Following the rationale of People v. Hill, supra, 207 Cal. App. 3d 1574, 1578-1579, the Court of Appeal rejected this argument and concluded a statement was unnecessary because imposition of the enhancement for assault with a firearm is mandatory. (Cal. Rules of Court, rule 428(a); see People v. Johnson (1996) 51 Cal. App. 4th 1329, 1332 [59 Cal. Rptr. 2d 798]; People v. Martinez (1987) 194 Cal. App. 3d 15, 21-22 [239 Cal. Rptr. 272].) We granted review to determine the proper construction of section 12022.5(d) and resolve the conflict in the Courts of Appeal.

Discussion

[1a] At the time of defendant's offense, section 12022.5, subdivision (a), provided that a sentencing enhancement "shall" be imposed for "any person [16 Cal. 4th 94] who personally uses a firearm in the commission or attempted commission of a felony" "unless use of a firearm is an element of the offense ...." fn. 2 Pursuant to subdivision (d), "[t]he additional term ... may be imposed in cases of assault with a firearm under paragraph (2) of subdivision (a) of Section 245, or assault with a deadly weapon which is a firearm under Section 245." fn. 3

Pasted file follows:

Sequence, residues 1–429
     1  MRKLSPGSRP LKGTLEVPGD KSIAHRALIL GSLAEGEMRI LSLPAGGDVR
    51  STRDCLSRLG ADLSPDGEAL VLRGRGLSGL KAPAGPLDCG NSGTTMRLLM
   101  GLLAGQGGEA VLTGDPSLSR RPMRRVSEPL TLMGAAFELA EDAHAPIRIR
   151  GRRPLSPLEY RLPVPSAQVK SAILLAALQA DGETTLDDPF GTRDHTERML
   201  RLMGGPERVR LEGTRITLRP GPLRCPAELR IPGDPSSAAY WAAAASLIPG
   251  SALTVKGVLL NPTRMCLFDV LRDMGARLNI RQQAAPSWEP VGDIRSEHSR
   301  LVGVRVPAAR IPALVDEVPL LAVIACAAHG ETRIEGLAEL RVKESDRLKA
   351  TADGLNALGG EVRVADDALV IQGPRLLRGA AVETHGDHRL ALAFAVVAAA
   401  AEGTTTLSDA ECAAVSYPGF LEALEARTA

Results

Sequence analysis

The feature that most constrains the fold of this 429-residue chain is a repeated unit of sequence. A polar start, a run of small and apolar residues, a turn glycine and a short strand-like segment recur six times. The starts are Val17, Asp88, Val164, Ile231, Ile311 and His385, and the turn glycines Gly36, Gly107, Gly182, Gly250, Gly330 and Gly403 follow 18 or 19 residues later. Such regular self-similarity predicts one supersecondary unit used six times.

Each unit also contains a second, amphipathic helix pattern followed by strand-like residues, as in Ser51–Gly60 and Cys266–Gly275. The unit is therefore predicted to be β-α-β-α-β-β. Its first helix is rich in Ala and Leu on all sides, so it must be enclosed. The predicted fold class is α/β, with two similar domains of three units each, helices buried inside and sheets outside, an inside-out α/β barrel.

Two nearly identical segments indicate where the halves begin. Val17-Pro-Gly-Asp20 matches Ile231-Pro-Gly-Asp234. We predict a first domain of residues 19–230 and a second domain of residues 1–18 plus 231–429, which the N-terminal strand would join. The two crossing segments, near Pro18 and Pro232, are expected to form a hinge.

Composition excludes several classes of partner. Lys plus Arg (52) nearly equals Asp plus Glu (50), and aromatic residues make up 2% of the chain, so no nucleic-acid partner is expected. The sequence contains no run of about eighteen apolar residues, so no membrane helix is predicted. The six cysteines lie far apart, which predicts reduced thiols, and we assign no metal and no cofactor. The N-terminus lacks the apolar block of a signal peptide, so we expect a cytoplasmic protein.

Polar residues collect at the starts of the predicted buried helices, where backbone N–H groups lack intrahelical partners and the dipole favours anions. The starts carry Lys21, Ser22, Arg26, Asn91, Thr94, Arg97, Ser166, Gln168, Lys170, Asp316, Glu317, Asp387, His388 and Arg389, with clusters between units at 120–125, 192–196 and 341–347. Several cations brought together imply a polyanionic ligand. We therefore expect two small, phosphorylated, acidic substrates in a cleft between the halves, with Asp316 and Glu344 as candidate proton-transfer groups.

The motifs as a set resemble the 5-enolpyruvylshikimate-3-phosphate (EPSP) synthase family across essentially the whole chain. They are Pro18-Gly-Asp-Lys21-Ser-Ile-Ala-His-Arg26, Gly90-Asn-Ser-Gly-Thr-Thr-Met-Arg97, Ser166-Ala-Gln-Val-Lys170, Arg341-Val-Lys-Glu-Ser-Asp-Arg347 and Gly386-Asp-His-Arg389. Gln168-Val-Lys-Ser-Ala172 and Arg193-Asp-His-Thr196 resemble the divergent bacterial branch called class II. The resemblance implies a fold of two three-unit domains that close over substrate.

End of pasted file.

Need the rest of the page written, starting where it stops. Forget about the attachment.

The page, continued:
Defendant takes the position that "may" is permissive, relying principally on People v. Campbell, supra, 40 Cal. App. 4th 1666. In Campbell, the Court of Appeal found "the plain language of section 12022.5, subdivision (d) unambiguous and presume[d] the Legislature meant what it said when it used the word 'may' to grant an exception to the long-established proscription in section 12022.5, subdivision (a) ...." (40 Cal.App.4th at p. 1673; People v. Vacca, supra, 38 Cal.App.4th at pp. 807-808.) Accordingly, the court construed subdivision (d) as "granting the trial court discretion to determine whether or not to impose the punishment for a personal firearm use enhancement when [firearm use] is an element of a section 245 defined assault ...." (People v. Campbell, supra, 40 Cal.App.4th at p. 1672.) Defendant also analogizes to section 667.6, subdivisions (c) and (d). Courts have interpreted "may" in subdivision (c) as conferring discretionary authority to impose full, separate, and consecutive terms, whereas "shall" in subdivision (d) makes such sentencing mandatory. (People v. Craft (1986) 41 Cal. 3d 554, 558-559 [224 Cal. Rptr. 626, 715 P.2d 585]; People v. Smith (1984) 155 Cal. App. 3d 539, 543 [202 Cal. Rptr. 259]; cf. People v. Reiley (1987) 192 Cal. App. 3d 1487, 1490 [238 Cal. Rptr. 297] [construing "shall" in section 1170.1, subdivision (d), as mandatory and "may" in subdivision (e) as permissive].)